If you didn’t already know, anyone with earned income can have a Roth IRA….including children! That’s right, there is no minimum age in the tax code to be qualified for a Roth IRA. All that is required is reportable earned income, and the contributions to the Roth cannot exceed that income.
Let’s be realistic though – not many children are going to think to save their newly hard earned money for a time in their life that seems lightyears away. That’s where the parents, or a generous relative, come in.
Establishing Your Child’s Roth IRA
As soon as a child has earned income, a Roth IRA can be established on the child’s behalf by a family member. That family member can also fund the Roth on behalf of the child, just so long as the amount is equal to or less than the amount earned by the child that year.
So why is this an attractive option? For starters, the Roth IRA is simply a smart savings tool. The assets contributed to the account will grow tax-deferred for decades (assuming the child keeps the account past age 18), including the earnings, and can be withdrawn tax-free, so long as they follow the rules to avoid penalty.
But the really appealing reason to start a Roth for your child is the benefit they’ll receive from the effects of compounding. Let’s say you invest the maximum $5,500 each year for the roughly 40 years of your adult working life. With a hypothetical 8 percent annual return, that puts you at $1.5 million in retirement. Now let’s say you add 10 additional years onto that number for the time you could have had a Roth while earning an income as a child. Due to compounding, and assuming the same rate of annual return, you would have over $3.4 million in retirement – more than double!
Knowing the Rules
It’s very important that parents, family members, or whoever is making the contributions on the child’s behalf keep detailed records of all contributions. The reason being, IRS rules allow for Roth contributions to be withdrawn tax and penalty free at any time, regardless of whether the five-year holding period has been met. And while ideally, most of the funds would be left to grow for retirement in the Roth account, there are a few ways teens and young adults can use the funds sooner.
You can withdraw your contributions, which is the amount that is equal to what you’ve invested, at any time without tax or penalty. And generally speaking, when you withdraw over your contribution amount (essentially, when you withdraw earnings) before age 59 ½, is when you become subject to income tax and a 10% penalty. Here’s where knowing your rules comes in though – there are a few exceptions.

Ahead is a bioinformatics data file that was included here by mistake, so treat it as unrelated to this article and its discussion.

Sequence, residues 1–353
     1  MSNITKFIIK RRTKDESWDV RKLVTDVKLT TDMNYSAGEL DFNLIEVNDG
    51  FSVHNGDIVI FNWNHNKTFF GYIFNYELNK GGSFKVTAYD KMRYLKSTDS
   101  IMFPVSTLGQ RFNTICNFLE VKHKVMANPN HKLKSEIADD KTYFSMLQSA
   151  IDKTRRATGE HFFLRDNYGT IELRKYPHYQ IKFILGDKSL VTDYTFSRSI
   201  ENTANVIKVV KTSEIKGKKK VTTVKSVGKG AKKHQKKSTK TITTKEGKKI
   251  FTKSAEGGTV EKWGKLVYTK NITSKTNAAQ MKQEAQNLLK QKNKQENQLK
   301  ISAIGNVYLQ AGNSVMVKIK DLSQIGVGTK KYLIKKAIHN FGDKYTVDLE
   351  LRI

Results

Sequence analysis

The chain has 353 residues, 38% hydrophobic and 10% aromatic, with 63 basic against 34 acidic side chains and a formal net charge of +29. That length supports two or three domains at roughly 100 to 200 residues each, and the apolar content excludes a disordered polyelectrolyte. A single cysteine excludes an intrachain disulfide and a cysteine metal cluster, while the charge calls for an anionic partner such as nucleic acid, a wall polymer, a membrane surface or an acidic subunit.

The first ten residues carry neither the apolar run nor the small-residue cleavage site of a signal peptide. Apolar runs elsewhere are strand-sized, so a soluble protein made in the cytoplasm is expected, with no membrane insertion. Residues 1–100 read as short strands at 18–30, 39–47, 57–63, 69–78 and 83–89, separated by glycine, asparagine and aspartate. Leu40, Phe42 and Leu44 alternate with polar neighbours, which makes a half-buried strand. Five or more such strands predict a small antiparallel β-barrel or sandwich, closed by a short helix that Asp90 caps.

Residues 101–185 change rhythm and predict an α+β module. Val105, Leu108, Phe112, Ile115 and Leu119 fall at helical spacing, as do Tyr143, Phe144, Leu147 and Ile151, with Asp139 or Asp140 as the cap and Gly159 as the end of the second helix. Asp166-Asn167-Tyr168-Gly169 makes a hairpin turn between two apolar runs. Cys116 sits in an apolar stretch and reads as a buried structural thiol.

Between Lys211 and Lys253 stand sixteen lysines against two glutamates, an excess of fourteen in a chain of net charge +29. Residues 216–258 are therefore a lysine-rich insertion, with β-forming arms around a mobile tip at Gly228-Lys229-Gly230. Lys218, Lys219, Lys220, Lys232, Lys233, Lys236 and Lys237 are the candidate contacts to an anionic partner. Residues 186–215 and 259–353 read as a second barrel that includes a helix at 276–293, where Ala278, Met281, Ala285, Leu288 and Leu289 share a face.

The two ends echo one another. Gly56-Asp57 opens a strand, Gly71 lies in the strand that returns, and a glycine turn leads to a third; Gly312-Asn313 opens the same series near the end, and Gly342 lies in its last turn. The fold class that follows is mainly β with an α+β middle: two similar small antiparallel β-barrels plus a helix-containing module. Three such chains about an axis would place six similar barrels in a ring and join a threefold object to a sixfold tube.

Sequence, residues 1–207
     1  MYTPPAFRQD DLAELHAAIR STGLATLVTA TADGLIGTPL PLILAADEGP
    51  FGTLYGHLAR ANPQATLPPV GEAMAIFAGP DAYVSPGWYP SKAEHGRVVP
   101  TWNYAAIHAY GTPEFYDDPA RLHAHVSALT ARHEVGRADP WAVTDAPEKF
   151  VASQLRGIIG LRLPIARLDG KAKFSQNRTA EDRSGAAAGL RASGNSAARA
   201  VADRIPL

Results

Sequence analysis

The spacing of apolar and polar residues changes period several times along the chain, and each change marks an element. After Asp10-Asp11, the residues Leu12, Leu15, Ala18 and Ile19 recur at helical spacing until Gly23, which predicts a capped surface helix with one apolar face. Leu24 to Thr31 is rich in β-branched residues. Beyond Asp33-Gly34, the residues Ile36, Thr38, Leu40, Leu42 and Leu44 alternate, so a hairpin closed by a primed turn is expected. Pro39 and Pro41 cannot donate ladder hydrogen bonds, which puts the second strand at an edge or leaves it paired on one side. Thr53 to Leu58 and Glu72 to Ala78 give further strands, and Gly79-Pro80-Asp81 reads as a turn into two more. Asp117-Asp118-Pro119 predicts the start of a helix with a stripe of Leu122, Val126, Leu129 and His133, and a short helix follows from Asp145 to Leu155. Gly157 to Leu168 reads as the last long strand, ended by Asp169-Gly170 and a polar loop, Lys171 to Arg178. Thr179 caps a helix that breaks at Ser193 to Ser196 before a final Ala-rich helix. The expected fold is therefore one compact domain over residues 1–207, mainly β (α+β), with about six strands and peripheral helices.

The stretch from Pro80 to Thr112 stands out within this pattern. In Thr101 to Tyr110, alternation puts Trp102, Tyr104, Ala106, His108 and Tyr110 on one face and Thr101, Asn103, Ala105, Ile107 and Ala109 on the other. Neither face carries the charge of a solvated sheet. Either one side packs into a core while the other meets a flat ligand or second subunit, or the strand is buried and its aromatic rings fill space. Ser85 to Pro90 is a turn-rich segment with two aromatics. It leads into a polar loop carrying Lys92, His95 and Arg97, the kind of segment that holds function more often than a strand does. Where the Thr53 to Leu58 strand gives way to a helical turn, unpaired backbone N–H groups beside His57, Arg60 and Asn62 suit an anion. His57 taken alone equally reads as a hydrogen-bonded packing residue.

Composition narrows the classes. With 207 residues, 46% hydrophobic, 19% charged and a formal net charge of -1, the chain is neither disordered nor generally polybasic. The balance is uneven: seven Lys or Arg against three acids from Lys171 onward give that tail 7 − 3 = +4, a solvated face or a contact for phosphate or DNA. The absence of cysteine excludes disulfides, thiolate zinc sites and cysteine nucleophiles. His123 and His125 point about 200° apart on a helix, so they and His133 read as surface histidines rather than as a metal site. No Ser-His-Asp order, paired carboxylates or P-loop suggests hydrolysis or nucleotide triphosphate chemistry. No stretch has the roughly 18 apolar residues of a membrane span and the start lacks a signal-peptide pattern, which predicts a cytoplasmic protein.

Qualified Education Expenses – If your child attends college, or any higher education establishment, they are able to take penalty-free distributions from their Roth IRA contributions to help cover the costs. This includes expenses like tuition, room and board, and textbooks.
Buying Their First Home – Here’s where an interesting exception to the rules comes in to play. While your child is always eligible to take distributions in the amount of their contributions without tax or penalty, if they are eligible first time home buyers, they can actually withdraw up to $10,000 in earnings from their Roth without the 10% penalty. And if they’ve had the Roth for over five years, they’ll avoid a tax bill on the withdrawal too! The money just has to be used within 120 days of the withdrawal.
Talk to Your Financial Advisor
Before making the move to open a Roth IRA for your child or a child in your family, make sure you speak with a knowledgeable financial advisor. Not every IRA custodian is aware that minors can have a Roth IRA. There are also some IRA custodians that will not allow a minor to open a Roth IRA on their own, but many allow a parent to serve as the guardian on a Roth IRA on behalf of their children.
It’s also important to take your individual circumstance into consideration with your financial advisor. Not every child will have the maturity or commitment to maintain a Roth IRA.
If you have any questions about this strategy, we welcome you to contact any of the advisors here at Walsh & Associates.
The information presented in this material is for general information only and is not intended to provide specific advice or recommendations for any individual. The hypothetical example is not representative of any specific situation. Your results will vary. The hypothetical rate of return used does not reflect the deduction of fees and charges inherent to investing.